The Friday Wire: Worried consumers and female governors

by The City Wire staff ([email protected]) 78 views 

Notes of success at Crystal Bridges Museum, a ‘pipeline’ for females to be elected governor, and a retail fight in Kenya are part of the Northwest Arkansas Friday Wire for Nov. 15.

• The worried consumer
Wal-Mart Stores on Thursday reported quarterly income of $3.738 billion, up 2.8% overall, but same store comps in the U.S. were down 0.3%.

Wal-Mart President and CEO Mike Duke said consumers remain wary about the economic outlook and concerned about their job. Wal-Mart results are typically seen a barometer for the overall national economy given the retailer’s size and geographic reach across the U.S.

Duke’s not an economist, but it’s not unreasonable to think he has as good a grasp on economic conditions a a gathering of Federal Reserve governors. If he says consumers are worried, they are.

• Crystal clear
More than one million visits have been logged at Crystal Bridges Museum of American Art in Bentonville, and the complex has had a remarkable string of successes and accomplishments in its first two years.

The museum, opened on Nov. 11, 2011 (11-11-11), had 560,165 visits in 2012 for an average of 1,530 a day. Between Jan. 1, 2013 and Nov. 4, the museum had 443,665 visits for an average of 1,440.

To mark the second anniversary of the museum, Crystal Bridges President Don Bacigalupi announced a “State of the Art” initiative that will debut at the museum on Sept. 13, 2014, and be on display until Jan. 5, 2015.

One doesn’t need a crystal ball to know that Crystal Bridges will continue to be a unique, educational and economically valuable asset to all of Arkansas. Kudos to all those who make the place work.

Following are a few stories posted this week on The City Wire that we hope you didn’t miss. But in case you missed it …

• 'Pipeline' needed for female Arkansas Governor
Having a female name on the door of the Arkansas Governor’s office in the State Capitol is just a matter of finding the right candidate, says Gov. Mike Beebe. But two women who watch Arkansas politics say women face culture obstacles and a “pipeline problem” with respect to being elected to the state’s top office.

• Changing retail trends
Retail’s landscape over the next five years, powered by such trends as smart phones, sweeping demographic shifts, and radically transformed consumer expectation, could be Kryptonite for brick-and-mortar stores, creating more painful change than in the last century.

• Here we go again
The fight over the Affordable Care Act is not over. At least according to U.S. Rep. Tom Cotton, R-Dardanelle.

20,000+: Number of veterans hired by Wal-Mart Stores following a Memorial Day announcement that the company would hire at least 100,000 veterans in the next five years.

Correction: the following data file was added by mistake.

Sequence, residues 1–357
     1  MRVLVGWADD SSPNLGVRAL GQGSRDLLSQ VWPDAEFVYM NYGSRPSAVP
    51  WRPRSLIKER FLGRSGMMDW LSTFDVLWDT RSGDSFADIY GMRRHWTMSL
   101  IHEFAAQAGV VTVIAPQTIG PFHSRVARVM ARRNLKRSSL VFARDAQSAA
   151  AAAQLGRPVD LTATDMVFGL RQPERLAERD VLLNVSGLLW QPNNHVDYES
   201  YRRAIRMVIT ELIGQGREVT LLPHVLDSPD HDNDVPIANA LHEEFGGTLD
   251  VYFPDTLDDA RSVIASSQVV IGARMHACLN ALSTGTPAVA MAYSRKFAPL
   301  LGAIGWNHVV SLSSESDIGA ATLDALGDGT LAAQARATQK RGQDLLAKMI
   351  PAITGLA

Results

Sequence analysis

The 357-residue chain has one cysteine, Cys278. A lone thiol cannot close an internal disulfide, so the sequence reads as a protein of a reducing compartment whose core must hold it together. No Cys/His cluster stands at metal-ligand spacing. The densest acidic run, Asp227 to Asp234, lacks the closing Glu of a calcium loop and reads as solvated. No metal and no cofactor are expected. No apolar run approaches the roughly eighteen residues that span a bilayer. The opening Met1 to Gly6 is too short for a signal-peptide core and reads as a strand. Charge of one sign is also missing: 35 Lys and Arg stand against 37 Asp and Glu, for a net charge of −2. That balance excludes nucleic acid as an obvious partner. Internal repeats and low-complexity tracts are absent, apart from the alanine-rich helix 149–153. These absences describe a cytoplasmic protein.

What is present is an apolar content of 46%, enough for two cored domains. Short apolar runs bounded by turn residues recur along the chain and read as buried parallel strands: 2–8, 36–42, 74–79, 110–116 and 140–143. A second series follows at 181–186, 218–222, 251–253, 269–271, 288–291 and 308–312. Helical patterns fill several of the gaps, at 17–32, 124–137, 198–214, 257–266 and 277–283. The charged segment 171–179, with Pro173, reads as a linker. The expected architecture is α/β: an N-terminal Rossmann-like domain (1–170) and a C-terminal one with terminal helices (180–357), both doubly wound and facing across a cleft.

564: Number of homes in Arkansas in a foreclosure process during October. The number was up 4.5% compared to October 2012.

8%: Estimated amount of total e-commerce retail sales in the U.S.

121,000: Number of visitors to the Norman Rockwell exhibit at Crystal Bridges Museum of American Art.

• Small Business and ObamaCare
One of President Obama's proudest boasts about the Affordable Care Act is that it helps small business. The White House website says the health law "makes it easier for businesses to find better coverage options" and "stops insurance companies from taking advantage of you, giving the consumer and business owner more control and making health-care coverage more affordable." Small businesses aren't buying it.

• The Wal-Mart fight in Kenya
In Africa, foreign investors beware: business is often a family affair. Just ask Wal-Mart, the world's largest retailer. When it sought a foothold in east Africa, it sparked a family feud in one of its acquisition targets, Kenya's Naivas supermarket chain.

• Good growth in Arkansas?
Meredith Whitney, the Wall Street analyst who forecast a flood of U.S. municipal-bond defaults in 2010 that hasn’t materialized, predicts that growth in states such as Arkansas and South Dakota will be twice the national average, according to the presentation. Those states have one-third less consumer leverage, lower taxes, right-to-work laws and high commodity exposure, the presentation shows.

“The best we’ve been able to determine looking at this program and similar programs across the country, somewhere between 25% and 30% of the value of the tax credits make it to the end-project company. That means 70% of the value of the tax credit is going someplace else. Where? I’m not sure anyone is completely sure."
– Grant Tennille, executive director of the Arkansas Economic Development Commission, addressing concerns about the New Markets Tax Credits passed by the Arkansas General Assembly during the 2013 legislative session

“Arkansas has never elected a female to hold a Constitutional office that the office is not considered a traditional female role, such as Attorney General or Lieutenant Governor. Such an office could vault them into the office of Governor during a non-incumbent year. Such was the case in Texas, Oklahoma and Louisiana.”
– Megan Tollett, executive director of the Republican Party of Arkansas, when asked why Arkansas has not yet had a woman elected governor

“I received a note from a fifth-grade student from Fort Smith, (Ark.), named Stephanie, who wrote after her visit to the Museum, ‘Before, I looked at art as just something someone painted on a canvas. But now I look at it as something someone put their feelings into and made it from their heart,’ I want everyone to see contemporary art through the eyes of the artists. That’s why we’re doing this.” 
– Alice Walton, about a new exhibit planned for the Crystal Bridges Museum of American Art